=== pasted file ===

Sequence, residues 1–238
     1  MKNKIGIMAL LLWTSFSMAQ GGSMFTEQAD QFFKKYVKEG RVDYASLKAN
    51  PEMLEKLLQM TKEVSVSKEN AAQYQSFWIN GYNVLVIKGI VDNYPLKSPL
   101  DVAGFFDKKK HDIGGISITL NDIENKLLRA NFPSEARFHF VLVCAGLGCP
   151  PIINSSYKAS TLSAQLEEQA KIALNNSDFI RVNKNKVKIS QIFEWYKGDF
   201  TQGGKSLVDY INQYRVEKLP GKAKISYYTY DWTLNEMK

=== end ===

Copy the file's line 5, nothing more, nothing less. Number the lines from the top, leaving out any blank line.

   151  PIINSSYKAS TLSAQLEEQA KIALNNSDFI RVNKNKVKIS QIFEWYKGDF